abundance, battle of the sexes, blue pill, break up, break ups, career path, career woman, co-parenting, commitment, dating, discontent, divorce, faith, feminism, happiness, life change, marriage, red pill, remarriage, satisfaction, unhappiness
Something I have come to realize with age is that in almost every situation, there is a downside.
There is a downside to being in a relationship, there is a downside to being alone. There is a downside to being married, there is a downside to being single. There is a downside to getting divorced, there is a downside to staying married. There is a downside of going to college, there is a downside of not going to college. There is a downside to having kids, there is a downside to not having kids. There is a downside of working, there is a downside of not working. There is a downside to being rich, there is a downside to being poor, and there is even a downside of being somewhere in the middle of rich and poor.
Darn, there’s always a downside? Well that stinks, right? Yes and no. It only stinks if you are under the illusion that there can be no downside. In our society that seems to be the expectation. Or the belief that a downside is “a sign” that it’s time to make a change, usually the opposite of whatever the situation causing the downside may be.
However, these changes are often made in reaction to the downside, without consideration to the downsides of doing something else, instead. Far too often people see change as the solution to a downside, but they do not consider nearly enough what the downside to whatever their new path may be. Once on it, the downsides become apparent and the dissatisfaction and desire to eliminate the downside sets in once again.
I call it the “if only’s.” If only I was married/single/divorced/had kids/didn’t have kids/had a degree/didn’t have a degree/worked/didn’t work/was rich and so on. If only, if only, if only…then I could be happy!
That’s where the option of acceptance and gratitude comes in, something people don’t seem to consider nearly as often as they consider radical change. Accepting that there is always going to be a downside can be actually very freeing. And it can help one make better choices, find contentment, and even be happier.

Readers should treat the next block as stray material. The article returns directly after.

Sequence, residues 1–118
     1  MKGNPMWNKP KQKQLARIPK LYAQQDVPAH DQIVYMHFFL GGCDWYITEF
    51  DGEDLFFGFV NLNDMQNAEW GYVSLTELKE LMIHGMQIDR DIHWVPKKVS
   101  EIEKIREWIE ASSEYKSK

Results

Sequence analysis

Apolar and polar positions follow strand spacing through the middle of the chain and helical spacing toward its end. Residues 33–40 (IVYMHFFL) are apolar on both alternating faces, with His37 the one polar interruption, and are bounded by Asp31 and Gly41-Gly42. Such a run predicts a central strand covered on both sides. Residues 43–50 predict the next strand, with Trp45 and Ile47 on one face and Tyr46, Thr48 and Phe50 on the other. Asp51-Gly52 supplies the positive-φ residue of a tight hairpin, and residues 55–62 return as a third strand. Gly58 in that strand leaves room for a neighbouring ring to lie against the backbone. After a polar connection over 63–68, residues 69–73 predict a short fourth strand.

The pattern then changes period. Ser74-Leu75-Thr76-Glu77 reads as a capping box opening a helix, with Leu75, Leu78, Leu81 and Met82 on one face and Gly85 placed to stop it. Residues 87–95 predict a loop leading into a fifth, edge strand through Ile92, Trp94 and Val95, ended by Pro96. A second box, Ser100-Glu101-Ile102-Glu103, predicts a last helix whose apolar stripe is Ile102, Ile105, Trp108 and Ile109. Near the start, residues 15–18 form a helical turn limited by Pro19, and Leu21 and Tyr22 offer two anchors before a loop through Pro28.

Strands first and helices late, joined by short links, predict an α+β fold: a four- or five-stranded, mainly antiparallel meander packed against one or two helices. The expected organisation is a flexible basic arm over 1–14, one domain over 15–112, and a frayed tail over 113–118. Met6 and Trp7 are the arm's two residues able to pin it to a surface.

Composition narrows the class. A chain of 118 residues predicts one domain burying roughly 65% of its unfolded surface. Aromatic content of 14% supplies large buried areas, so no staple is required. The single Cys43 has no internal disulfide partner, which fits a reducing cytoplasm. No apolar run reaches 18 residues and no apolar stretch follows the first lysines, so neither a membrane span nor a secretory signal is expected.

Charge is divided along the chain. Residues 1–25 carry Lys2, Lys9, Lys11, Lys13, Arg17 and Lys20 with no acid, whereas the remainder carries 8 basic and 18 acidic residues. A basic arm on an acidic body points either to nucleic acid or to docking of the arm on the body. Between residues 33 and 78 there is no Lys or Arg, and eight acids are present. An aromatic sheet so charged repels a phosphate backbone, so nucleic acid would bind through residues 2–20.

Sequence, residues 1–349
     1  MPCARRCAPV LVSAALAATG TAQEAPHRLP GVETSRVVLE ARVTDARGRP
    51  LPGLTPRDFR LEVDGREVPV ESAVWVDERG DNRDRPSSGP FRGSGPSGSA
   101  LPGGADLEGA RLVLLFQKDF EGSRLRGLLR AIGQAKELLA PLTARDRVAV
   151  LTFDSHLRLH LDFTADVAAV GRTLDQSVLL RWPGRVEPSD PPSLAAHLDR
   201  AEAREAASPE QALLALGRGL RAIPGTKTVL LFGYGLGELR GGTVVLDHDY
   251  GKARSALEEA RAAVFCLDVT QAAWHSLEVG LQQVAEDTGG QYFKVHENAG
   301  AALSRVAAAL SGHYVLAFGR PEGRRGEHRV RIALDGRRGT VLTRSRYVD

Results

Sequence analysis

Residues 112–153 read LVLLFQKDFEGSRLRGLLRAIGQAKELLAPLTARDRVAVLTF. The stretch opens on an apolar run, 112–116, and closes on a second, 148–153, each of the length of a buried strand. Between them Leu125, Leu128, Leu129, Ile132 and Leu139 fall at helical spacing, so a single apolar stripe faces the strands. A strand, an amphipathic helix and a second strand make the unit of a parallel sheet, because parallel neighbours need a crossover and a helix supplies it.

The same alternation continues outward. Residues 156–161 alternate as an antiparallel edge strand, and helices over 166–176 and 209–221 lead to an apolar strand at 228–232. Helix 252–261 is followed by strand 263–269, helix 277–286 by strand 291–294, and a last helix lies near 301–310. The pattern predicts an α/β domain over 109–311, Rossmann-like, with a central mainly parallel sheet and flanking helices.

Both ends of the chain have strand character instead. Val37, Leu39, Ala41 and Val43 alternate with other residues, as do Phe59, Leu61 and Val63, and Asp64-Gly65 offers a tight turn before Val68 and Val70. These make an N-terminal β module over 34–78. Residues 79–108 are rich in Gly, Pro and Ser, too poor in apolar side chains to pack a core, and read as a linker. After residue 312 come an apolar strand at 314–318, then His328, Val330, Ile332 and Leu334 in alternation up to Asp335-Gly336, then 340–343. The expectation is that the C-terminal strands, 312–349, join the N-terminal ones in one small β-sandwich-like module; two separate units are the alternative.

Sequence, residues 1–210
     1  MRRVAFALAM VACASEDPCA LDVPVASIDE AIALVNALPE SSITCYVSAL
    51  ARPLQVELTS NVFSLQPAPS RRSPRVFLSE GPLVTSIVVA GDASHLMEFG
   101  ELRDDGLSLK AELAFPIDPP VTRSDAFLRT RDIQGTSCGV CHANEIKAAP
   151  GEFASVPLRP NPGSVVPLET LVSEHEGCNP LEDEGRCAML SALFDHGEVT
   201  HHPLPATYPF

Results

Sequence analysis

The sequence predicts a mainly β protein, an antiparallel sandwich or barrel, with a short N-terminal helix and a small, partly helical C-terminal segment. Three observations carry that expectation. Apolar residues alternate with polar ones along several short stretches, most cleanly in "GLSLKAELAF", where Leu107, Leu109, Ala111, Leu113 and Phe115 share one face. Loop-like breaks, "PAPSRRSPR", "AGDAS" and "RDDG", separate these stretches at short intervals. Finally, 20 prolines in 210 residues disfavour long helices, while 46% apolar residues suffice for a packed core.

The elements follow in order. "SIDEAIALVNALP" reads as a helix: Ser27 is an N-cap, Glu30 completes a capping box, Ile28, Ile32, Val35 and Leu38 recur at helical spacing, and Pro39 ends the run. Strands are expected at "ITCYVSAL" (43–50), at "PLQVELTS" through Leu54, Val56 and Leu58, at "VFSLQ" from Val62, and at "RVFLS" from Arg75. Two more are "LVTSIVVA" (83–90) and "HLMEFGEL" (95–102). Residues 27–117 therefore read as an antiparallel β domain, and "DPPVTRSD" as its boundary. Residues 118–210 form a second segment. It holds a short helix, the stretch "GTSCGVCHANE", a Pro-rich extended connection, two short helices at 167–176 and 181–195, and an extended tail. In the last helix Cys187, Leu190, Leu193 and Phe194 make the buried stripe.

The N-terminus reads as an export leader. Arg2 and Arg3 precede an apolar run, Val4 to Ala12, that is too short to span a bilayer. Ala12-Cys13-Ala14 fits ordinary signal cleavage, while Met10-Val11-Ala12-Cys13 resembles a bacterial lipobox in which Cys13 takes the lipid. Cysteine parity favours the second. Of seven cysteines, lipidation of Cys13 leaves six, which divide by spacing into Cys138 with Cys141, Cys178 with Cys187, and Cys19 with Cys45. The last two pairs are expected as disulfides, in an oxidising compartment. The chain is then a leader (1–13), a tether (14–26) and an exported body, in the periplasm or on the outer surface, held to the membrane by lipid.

And of course sometimes the downsides of not making a change are greater than the downsides of doing different. Once all sides are considered, maybe change really is what is needed. In those cases, considering in advance the downside of all options can help make those choices easier. It’s not change that’s bad, it’s the overly idealistic idea that change will lead to a life without downsides. Well, it won’t. That doesn’t mean life can’t be better. But there will always still be downsides. Sorry.
Of course, the good news here is that also means there are likewise always upsides of every situation. And if the downside and upsides are also considered in tandem before making major changes, sometimes just considering the upsides can help one realize things are actually more good than bad. I think that in the majority of cases in life, this is true. And studies show that simply focusing on the upsides in life, rather than the downsides, leads to much greater life satisfaction no matter what the situation might be.
So when you find yourself focusing on the downside, telling yourself, “if only” things were different, then you would be happy/fulfilled/content/whole/etc. try looking at the upside as well as the possible downsides of that “if only.” Chances are good you are likely to discover all things considered, it’s not so bad after all. And if so, focusing more on the upside and less on the “if only” might be the best solution of all.
For where your focus is, there your heart will be also.
Let those who have ears hear.